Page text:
Needless to say, this idea by Ariston can be applied to other tricks that require memorizing sequences of actions. Even if the bills are not used in those tricks, you can always take them out for an earlier ,oke or gag, or to make a bet, and since they're still there...

f. Here is a table that shows how to get a full house or four of ,1 kind of any value or combination. It unfortunately poses the same problem I faced when, several years ago, I published my methods for obtaining any four of a kind. Aside from overtaxing your memory, all these formulas are, in my opinion (formulated after considerable performing experience with the trick), unnecessary. When someone calls for four of a kind, all you need do to limit the possibilities to a practical number is ask him which high four of a kind he wants. However, for the sake of completeness, here is a table giving the most effective ways of obtaining various hands, as discovered by either Ariston or myself.

Values

Full House

Four of a Kind

Aces

Cut 35 to bottom

7 under 35, cut 32 to bottom

Kings

26 under 27, cut 23 to bottom

27 under 14, cut 27 to bottom

Queens

43 under 44, II under 49 Cut 42 to bottom (two hands)

9 on bottom, 44 on bottom /arrow under 13 (2 hands)

Jacks

Switch 49 for 28, cut 16 to bottom

20 under 28,44 under 45, cut 25 to bottom

Tens

32 under 41, cut 29 to bottom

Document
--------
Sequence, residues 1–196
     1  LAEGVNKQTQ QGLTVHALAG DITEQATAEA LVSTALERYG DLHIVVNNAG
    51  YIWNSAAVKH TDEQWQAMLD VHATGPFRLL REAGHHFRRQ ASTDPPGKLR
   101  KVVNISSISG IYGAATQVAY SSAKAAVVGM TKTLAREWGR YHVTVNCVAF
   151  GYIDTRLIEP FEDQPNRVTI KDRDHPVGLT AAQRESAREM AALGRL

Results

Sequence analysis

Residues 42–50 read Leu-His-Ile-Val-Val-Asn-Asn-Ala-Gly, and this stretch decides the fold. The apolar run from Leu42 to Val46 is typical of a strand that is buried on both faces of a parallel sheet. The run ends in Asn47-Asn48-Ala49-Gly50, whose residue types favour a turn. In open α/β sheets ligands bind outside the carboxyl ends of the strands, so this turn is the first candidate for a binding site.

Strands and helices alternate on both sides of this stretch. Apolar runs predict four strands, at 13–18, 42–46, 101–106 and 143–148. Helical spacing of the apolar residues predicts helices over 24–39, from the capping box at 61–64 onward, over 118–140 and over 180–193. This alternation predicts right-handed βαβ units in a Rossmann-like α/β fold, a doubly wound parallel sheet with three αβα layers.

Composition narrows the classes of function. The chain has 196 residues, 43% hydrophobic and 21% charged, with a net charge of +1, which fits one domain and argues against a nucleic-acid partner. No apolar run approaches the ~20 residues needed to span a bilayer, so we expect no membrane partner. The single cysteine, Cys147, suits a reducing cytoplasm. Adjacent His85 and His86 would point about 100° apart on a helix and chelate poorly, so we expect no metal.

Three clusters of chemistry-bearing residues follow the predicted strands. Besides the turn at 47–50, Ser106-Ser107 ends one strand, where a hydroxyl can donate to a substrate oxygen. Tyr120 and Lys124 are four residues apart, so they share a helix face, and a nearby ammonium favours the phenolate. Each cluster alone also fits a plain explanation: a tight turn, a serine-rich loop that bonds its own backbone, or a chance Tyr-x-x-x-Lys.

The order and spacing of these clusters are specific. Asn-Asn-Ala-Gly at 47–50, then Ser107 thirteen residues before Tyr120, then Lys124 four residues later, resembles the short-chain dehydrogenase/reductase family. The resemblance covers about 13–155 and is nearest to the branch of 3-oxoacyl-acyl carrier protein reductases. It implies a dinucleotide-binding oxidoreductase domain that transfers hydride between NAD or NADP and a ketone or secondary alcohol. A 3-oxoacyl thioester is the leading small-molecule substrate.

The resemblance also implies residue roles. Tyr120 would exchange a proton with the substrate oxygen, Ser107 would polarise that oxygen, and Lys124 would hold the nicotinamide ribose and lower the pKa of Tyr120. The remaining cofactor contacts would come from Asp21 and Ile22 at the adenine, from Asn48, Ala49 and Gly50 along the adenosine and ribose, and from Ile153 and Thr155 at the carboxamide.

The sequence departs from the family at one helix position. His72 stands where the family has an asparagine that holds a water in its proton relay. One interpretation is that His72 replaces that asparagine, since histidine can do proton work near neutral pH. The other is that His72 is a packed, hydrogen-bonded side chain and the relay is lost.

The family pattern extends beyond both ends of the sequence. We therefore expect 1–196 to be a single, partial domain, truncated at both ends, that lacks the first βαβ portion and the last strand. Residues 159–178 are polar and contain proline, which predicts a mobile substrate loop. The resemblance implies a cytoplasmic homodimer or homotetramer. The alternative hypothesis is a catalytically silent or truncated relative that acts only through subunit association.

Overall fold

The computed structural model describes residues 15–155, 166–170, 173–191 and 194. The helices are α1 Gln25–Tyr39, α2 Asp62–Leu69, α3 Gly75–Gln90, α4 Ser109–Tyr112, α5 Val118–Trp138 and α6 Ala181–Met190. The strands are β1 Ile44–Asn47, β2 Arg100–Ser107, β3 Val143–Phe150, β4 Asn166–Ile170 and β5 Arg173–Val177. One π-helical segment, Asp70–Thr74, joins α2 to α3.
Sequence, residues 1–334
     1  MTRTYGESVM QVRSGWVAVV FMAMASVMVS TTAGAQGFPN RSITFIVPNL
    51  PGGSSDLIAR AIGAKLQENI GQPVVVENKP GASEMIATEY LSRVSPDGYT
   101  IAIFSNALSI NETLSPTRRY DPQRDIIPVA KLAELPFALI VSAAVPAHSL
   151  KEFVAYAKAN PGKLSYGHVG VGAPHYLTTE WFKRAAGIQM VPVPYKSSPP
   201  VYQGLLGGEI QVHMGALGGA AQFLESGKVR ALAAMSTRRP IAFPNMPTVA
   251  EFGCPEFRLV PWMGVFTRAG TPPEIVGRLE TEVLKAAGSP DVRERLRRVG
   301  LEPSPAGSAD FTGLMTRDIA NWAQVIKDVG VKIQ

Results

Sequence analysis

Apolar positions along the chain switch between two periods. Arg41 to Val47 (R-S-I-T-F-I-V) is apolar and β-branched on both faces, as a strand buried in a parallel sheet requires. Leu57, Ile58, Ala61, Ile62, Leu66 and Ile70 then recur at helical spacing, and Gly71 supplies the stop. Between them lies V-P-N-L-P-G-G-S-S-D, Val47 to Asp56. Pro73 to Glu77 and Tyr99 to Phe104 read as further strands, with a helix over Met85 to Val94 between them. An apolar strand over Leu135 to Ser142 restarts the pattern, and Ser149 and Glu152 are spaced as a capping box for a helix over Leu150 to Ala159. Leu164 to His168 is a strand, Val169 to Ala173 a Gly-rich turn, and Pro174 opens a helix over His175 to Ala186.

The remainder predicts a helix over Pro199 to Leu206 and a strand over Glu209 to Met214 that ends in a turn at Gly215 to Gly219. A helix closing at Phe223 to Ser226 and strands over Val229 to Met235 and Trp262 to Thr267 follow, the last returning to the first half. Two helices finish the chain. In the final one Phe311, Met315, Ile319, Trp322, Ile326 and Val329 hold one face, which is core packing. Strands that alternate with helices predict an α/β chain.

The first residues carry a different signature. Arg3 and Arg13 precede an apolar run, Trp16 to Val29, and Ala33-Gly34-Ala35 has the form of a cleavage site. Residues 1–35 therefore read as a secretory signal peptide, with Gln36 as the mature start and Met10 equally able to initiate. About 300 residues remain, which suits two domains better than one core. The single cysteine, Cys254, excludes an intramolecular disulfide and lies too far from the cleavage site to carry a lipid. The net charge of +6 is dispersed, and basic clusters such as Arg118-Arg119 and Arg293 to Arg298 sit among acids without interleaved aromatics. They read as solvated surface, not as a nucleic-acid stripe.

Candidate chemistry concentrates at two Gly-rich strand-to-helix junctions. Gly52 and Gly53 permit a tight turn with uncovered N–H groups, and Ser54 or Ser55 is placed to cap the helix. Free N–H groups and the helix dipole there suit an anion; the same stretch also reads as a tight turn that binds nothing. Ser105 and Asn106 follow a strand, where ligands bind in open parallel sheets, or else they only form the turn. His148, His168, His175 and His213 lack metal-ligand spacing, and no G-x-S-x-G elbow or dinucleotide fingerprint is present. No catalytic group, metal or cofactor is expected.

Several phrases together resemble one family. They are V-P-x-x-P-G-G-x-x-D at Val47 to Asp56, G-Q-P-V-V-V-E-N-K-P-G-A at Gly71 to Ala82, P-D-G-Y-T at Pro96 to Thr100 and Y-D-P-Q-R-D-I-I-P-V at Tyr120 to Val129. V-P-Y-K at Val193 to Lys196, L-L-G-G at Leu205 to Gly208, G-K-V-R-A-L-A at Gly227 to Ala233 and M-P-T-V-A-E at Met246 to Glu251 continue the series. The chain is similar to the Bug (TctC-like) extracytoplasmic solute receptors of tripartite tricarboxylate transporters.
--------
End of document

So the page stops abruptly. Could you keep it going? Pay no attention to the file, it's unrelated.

24 under 41, cut 30 to bottom

Nines

Eights

1-5 under 13, cut 40 to bottom 29 under 30, cut 10 to bottom

52 under 2, 14 under 5, cut 50 to bottom

14 under 25, cut 18 to bottom

Sevens

41 under 43, cut 39 to bottom

Sixes

Fives

14 under 15, cut 46 to bottom

25 under 52, cut 49 to bottom

45-46 under 35, cut 35 to bottom 14 under 15, switch 2 for 23, cut 46 to bottom

21 under 4, switch 30 for 12, cut 21 to bottom _

312 JUAN I aMAKIZ

Value lours

Threes

I Vures

I nil House Switch 40 for 13, nil 49 to bottom

20 under 21, cut 52 to bottom

10 under 11, cut 7 to bottom

Pour of a Kind 40 under 45, cut 37 to bottom

12 under 13,4 under 24, cut 9 to bottom

10 under 12, 2 under 15, cut 8 to bottom

17 I will now tell you of a remarkably extensive combination that I recently came up with (January 1999). It features three straight Hushes, two unbeatable rummy hands, the complete suits of hearts and spades and, finally, the suits of diamonds and clubs in order. Carry out the full preparation given on p. 50 for obtaining a royal flush: Slip Card 7 above 51. cut 35 to the bottom, get a break under 43 and another under 28, and cut the three packets to the table reversing their order. Follow the procedure, dealing three hands and showing that you have dealt two straight flushes, one in clubs and a royal flush in spades (see Fig. 20 on p. 50).

Then say, "But in order to encourage the first player to bet heavily as well, /